The History of Afternoon Tea; A Quintessential British Tradition
“There are few hours in life more agreeable than the hour dedicated to the ceremony known as afternoon tea.”
The city of Victoria on Vancouver Island is famous for its strong British roots that can be observed both in its rich architecture and local customs. Afternoon tea is no exception with many local restaurants and venues offering this archetypal British tradition. But have you ever wondered how this unique practice came to be?
The history of afternoon tea all began in the early 19th century as tea consumption significantly increased in Western Europe and particularly within the British Empire. Back in those days, people only had two meals a day; breakfast and a late dinner. This made for a long interval without food and an expected plunge in energy by the late afternoon. To counter that “sinking feeling”, Anna, the 7th Duchess of Bedford began taking a cup of tea every afternoon in her boudoir, accompanied by light snacks. Relishing that moment of bliss, Anna started inviting friends to join her for afternoon tea which then spread among other socialites and quickly developed into a popular custom within the aristocratic society. Afternoon tea eventually moved from the intimate space of a boudoir to the visible drawing rooms and was soon adopted by all levels of society.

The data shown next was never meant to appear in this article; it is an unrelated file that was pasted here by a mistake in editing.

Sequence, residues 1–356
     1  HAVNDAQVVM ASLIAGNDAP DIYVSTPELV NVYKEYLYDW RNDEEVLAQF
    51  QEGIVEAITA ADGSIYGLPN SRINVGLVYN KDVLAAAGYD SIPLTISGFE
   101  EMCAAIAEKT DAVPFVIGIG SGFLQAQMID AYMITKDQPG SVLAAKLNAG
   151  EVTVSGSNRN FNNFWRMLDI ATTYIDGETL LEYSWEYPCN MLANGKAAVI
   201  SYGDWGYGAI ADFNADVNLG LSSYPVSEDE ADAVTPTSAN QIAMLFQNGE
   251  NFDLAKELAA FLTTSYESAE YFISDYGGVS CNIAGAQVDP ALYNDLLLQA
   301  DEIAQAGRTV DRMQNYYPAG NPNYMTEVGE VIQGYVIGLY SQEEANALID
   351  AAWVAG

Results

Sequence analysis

By the 1880’s, afternoon tea was at the height of its popularity with the upper class ladies dressing into stylish long gowns, gloves and hats to enjoy their afternoon tea among the social elite. Traditionally, afternoon tea would be served to the upper class around 4 in the afternoon, usually prior to a fashionable walk (at Hyde Park in London if possible), while the middle and lower classes would go for a more ample “high tea” later in the day (usually between 5 or 6pm) that would substitute for dinner.
Today, the practice of afternoon tea has mostly disappeared, replaced by a single cup of tea and a biscuit, while traditional afternoon tea is regarded as a special occasion treat. If you are interested in experiencing this fun and unique custom, we offer both Traditional and West Coast Afternoon Teas in the Pendray Teahouse situated in the beautiful Victorian-era Gatsby Mansion located by Victoria’s Inner Harbour.
The Pendray Teahouse is open Wednesday-Sunday from 11am to 7pm. As reservations are recommended, please Click Here to book or call 1-800-663-7557.